Access: Yes
Literary Rights: Off
Major: Forestry
Year: 2012
File Attachments: Day_Final_Capstone.pdf
Authors: Nicholas Day

Evaluation of Current Old Growth Classification System Applied to Northern Hardwood Forests of Western New York State

Fri, 12/07/2012 - 17:08
Abstract: A study of four old growth stands in Western New York was conducted to document the ecological complexities and characteristics of these isolated pockets of protected forests. These stands were compared to stands in a study, Selected Nova Scotia old-growth forests: Age, ecology, structure, scoring (Stewart et.al, 2003). Using techniques and sampling of Stewart et al., data included estimated age structure, species composition, basal area, density, coarse woody debris, volumes, heights, and snags. All of the stands were uneven-aged, as were the stands in the comparison study. All stands displayed low varying basal area ranges and lower stand density than those stands in Stewart et al. The comparison study had basal areas ranging from 32.5 to 55.5 m^2/ha, but the collected basal area of this study ranged from 14.5 to 29 m^2/ha. Volumes of dead wood ranged from 2 to 60 m^2/ha, which again was significantly less than dead wood volumes in Stewart et al. Most of the dead wood volume was derived from coarse woody debris, with few snags throughout the stands. Six attributes were rated on a 100 point system according to age, primal value, diameters, lengths of dead wood, canopy structure and understory structure. The scores of this study ranged from 52 to 70, which were significantly less than the scores in the comparison study. The Nova Scotia stands were dominated by softwood species and were larger in acreage. The western New York stands were dominated mostly by hardwood species and were smaller in acreage. Due to these differences, the western New York stands fell short of the Nova Scotia stands in two important criteria: ‘Primal Forest Value’ and ‘Bole Length of Snags and CWD.’ The protocols of Stewart et al. were generally adequate for evaluating the old growth characteristics. However, this study suggests that some of the criteria could be adapted to capture characteristics found in smaller, isolated pockets of hardwood dominated old growth forests.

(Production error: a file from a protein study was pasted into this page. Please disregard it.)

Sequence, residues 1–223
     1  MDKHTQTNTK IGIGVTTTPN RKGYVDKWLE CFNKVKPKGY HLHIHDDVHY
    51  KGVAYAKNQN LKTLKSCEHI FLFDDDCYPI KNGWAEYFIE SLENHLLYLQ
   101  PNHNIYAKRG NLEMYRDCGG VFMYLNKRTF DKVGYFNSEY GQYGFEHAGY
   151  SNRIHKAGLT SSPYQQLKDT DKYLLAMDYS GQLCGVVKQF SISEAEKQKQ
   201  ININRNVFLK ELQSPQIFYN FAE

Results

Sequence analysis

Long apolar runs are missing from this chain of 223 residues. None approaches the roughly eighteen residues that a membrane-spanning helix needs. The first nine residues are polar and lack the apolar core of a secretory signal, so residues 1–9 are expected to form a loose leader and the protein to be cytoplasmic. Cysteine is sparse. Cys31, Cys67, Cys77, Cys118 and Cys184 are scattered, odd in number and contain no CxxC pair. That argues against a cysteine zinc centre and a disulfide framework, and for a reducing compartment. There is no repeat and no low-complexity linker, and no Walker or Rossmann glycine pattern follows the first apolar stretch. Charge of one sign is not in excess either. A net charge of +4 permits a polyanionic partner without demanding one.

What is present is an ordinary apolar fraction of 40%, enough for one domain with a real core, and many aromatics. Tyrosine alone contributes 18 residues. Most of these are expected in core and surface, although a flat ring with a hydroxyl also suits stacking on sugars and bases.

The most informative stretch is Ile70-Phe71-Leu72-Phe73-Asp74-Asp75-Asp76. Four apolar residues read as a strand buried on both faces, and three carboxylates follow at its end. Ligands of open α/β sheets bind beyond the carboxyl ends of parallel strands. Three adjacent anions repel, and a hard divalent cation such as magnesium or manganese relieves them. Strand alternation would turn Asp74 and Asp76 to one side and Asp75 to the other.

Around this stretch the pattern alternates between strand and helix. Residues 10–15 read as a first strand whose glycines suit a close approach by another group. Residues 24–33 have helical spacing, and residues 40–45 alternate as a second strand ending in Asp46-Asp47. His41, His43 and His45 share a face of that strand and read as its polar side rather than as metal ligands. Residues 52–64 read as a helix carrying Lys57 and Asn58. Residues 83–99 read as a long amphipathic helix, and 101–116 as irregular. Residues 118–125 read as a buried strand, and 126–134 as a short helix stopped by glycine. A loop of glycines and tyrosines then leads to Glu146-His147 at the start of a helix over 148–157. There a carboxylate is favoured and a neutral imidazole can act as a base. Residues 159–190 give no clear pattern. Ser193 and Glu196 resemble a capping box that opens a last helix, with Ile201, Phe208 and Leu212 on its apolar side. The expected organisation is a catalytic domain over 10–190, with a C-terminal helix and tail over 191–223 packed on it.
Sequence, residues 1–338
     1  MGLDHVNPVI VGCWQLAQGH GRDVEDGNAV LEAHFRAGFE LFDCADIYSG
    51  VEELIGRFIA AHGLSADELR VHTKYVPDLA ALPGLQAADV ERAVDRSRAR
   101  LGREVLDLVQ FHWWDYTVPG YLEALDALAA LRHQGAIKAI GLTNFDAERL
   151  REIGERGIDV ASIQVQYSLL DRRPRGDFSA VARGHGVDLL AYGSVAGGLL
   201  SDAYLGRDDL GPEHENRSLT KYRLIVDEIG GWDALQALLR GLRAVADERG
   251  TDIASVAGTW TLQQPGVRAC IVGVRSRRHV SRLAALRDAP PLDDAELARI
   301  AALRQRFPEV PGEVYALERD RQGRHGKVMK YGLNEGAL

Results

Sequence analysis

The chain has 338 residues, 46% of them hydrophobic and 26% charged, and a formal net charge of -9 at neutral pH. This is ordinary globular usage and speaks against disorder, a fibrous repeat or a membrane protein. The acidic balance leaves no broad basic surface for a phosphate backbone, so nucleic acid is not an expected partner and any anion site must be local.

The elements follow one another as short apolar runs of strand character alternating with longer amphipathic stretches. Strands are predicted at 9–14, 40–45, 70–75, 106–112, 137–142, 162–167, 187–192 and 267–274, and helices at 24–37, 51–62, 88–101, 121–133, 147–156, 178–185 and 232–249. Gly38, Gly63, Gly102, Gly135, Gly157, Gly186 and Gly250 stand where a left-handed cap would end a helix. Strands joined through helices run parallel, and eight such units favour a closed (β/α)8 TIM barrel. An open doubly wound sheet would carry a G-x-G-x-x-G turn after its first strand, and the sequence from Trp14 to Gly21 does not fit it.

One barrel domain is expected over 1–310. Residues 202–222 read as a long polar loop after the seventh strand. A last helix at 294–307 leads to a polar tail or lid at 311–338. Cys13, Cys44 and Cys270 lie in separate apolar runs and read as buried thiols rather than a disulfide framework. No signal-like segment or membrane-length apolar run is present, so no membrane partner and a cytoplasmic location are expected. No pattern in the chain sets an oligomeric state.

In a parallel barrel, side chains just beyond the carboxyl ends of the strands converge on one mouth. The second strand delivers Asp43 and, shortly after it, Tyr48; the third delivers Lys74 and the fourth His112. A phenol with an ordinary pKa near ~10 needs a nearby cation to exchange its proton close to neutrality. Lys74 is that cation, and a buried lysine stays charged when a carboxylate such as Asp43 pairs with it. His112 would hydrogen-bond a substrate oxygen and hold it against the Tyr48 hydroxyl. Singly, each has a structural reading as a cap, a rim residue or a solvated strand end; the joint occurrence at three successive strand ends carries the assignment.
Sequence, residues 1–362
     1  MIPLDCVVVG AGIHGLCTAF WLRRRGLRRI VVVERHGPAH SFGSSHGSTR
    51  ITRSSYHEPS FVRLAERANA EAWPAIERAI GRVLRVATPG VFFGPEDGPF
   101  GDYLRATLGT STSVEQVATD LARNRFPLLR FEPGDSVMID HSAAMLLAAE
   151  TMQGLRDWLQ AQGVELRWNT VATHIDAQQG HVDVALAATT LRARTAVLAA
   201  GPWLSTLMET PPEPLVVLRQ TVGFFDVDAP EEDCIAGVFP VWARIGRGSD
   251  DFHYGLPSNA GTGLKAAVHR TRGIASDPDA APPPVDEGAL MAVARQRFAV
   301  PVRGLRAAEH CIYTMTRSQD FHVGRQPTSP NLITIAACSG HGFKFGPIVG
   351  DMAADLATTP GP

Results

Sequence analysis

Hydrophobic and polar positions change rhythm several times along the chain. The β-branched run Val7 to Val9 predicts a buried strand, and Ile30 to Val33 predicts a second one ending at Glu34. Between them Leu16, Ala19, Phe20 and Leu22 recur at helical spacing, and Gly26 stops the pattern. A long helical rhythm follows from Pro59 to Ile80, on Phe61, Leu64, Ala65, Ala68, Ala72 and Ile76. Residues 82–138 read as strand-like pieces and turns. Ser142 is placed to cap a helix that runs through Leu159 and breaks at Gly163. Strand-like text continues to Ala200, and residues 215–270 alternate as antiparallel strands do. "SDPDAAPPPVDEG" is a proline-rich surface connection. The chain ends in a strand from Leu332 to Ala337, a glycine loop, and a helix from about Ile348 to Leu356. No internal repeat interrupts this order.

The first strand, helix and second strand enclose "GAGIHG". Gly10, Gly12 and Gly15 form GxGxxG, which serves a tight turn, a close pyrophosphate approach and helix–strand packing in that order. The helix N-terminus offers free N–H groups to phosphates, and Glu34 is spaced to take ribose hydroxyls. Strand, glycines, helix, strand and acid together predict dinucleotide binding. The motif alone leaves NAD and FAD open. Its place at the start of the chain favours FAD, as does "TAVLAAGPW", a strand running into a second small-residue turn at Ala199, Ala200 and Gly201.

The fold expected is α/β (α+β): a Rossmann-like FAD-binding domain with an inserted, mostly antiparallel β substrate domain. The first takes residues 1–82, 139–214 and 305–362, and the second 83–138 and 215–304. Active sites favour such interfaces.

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Literary Rights: Off
Major: Forestry
Year: 2012
Authors: Catherine Veress

Distribution of Native & Non-native Ground Flora in Upstate New York in Relation to Nearby Forest Roads

Fri, 12/07/2012 - 17:26
Abstract: Plant distribution and diversity are affected by disturbances in forested landscapes. Disturbances such as forest roads including skid trails and haul roads are among those which affect plants. The introduction and spread of invasive species is a big concern with these types of roads because of the damage these species cause to the ecosystem. The goal of this study is to determine the effect these forest roads have on distribution and diversity of plants relative to the distance from the road. I wanted to find out how non-native and invasive species were distributed, as well as native protected species. Transects in two separate regions were set up perpendicular to the roads at the sites chosen, and each transect contained 16 – 1m x 1m plots in which all plants were surveyed. This study showed that distance away from forest roads does not appear to significantly affect the number of plant species, distribution of native or non-native plants, or distribution of protected species in New York. Based on the findings in this study, forest managers may not need to be overly concerned with the effects of forest roads on plant populations, but they should consider management of invasive species since Japanese barberry (Berberis thunbergii) was found well beyond the disturbed area in this study. Since it was found near the forest interior, it may be causing damage to the ecosystem.
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Literary Rights: Off
Major: Forestry
Year: 2012
File Attachments: capstone_complete.docx
Authors: Travis Lowe